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There is more than plastic to be drinking from the water, there is ash from wildfires.


The City of Calgary is studying the effects of widespread wildfires on drinking water, which some researchers say has been overlooked and misunderstood until recently. Water treatment engineers and hydrologists employed by the City said that as climate change has increased the number of wildfires in Canada and that scientists are starting to realize that fires can have a significant effect on drinking water years after the fact. After a fire, rain and melting snow wash ash and other debris into the water, often leading to more sediment, changes in the concentration and type of dissolved organic carbon, and phosphorous. This may lead to different methods of treatment, though at present they are not sure which methods, but are sure that failure to solve the problem would be injurious to people’s health. Harpreet Sandhu, Calgary's leading watershed planner, said that: "Though Calgary has multiple sources of drinking water, they are increasingly at risk due to the changing climate.''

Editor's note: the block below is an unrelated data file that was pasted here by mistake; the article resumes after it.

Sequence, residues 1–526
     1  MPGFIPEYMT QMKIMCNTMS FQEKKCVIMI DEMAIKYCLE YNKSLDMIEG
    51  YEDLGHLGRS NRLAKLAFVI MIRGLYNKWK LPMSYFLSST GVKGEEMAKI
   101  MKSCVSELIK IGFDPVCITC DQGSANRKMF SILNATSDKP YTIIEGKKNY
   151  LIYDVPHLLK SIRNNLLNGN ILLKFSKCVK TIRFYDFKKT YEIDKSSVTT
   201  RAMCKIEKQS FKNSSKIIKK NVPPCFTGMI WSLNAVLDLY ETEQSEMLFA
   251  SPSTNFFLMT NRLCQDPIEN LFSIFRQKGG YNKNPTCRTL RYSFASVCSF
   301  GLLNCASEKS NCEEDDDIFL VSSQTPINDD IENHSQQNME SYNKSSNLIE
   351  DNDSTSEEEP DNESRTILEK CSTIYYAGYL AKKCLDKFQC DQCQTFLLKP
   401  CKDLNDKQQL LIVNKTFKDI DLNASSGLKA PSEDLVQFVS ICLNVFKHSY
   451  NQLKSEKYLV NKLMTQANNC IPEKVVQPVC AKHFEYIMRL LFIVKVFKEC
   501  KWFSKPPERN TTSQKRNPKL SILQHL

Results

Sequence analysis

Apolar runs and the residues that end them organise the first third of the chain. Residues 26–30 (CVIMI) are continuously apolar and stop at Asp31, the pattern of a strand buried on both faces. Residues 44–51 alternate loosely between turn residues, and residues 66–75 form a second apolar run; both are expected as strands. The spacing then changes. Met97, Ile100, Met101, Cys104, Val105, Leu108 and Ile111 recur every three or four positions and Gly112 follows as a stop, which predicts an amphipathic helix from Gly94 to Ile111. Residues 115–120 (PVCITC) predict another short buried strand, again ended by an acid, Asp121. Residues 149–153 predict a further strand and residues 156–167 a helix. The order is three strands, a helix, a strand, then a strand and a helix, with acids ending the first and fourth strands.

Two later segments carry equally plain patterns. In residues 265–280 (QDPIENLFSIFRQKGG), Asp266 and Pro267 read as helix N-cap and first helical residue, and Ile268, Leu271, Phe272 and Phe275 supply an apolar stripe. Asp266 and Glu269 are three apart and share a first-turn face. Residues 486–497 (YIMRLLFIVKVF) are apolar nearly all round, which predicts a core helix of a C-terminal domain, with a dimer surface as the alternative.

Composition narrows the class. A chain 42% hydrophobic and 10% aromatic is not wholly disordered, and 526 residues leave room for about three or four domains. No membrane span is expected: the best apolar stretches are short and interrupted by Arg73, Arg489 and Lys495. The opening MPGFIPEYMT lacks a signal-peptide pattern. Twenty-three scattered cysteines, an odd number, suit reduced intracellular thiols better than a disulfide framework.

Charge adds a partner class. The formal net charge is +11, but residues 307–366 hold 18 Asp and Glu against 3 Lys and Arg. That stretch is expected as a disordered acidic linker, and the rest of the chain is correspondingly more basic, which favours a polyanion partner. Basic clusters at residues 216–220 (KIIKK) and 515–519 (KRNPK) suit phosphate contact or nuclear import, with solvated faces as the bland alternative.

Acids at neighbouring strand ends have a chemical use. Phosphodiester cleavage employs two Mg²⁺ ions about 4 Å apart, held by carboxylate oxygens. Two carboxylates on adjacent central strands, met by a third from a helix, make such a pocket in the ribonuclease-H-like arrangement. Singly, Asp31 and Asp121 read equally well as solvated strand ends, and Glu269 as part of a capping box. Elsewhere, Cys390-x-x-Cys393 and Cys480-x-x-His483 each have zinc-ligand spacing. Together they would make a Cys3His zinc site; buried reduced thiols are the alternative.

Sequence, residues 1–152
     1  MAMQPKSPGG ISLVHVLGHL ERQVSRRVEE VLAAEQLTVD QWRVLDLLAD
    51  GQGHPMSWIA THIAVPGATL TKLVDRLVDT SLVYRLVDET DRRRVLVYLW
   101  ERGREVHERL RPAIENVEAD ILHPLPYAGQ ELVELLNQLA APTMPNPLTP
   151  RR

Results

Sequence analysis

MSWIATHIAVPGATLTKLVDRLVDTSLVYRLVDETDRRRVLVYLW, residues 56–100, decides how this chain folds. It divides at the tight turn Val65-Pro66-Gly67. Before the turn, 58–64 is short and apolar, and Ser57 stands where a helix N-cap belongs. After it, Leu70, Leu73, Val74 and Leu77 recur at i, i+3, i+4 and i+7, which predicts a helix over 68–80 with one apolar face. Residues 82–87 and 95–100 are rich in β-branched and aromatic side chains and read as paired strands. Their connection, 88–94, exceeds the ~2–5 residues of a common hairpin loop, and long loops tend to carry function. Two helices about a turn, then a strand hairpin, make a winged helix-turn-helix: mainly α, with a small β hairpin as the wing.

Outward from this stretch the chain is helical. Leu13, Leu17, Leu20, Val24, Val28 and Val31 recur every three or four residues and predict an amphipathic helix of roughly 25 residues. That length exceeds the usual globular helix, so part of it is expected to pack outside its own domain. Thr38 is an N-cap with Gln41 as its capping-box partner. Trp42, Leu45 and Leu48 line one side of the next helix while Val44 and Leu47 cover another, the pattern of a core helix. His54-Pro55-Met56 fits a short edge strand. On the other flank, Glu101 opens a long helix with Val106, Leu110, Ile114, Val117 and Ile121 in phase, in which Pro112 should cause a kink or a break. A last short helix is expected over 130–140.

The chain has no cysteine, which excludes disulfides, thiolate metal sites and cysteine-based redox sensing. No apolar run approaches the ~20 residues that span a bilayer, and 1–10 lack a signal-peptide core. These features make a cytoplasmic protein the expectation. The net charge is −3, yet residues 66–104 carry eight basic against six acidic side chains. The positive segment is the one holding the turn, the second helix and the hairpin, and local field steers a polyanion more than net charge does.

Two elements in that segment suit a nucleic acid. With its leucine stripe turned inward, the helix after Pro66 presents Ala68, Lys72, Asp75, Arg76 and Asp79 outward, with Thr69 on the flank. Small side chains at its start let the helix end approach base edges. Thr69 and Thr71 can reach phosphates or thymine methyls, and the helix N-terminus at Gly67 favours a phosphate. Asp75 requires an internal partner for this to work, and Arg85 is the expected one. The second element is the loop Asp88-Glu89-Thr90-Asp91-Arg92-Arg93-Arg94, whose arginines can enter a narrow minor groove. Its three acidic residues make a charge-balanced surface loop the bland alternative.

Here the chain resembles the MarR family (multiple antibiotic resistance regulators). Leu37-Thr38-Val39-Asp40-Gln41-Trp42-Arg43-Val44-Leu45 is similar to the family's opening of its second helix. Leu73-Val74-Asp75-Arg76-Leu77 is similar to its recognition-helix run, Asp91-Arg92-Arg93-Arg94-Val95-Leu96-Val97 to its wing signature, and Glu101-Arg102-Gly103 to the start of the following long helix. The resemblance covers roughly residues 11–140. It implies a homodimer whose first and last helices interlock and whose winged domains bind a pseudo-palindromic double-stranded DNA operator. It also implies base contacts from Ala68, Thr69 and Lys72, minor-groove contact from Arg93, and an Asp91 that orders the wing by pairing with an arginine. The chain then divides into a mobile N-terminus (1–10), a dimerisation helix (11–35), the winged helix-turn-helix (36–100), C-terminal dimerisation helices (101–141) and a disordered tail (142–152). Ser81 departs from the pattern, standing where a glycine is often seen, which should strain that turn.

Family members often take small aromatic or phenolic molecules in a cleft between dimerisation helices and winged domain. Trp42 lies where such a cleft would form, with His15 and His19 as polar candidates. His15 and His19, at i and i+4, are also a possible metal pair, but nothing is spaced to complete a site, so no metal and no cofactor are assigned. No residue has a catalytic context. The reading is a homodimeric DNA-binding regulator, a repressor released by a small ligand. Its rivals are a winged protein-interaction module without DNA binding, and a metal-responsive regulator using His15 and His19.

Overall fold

The answer should be obvious, stop climate change - and there's only one sure way to do that.

Yours for Socialism, 
SPC contributing members 

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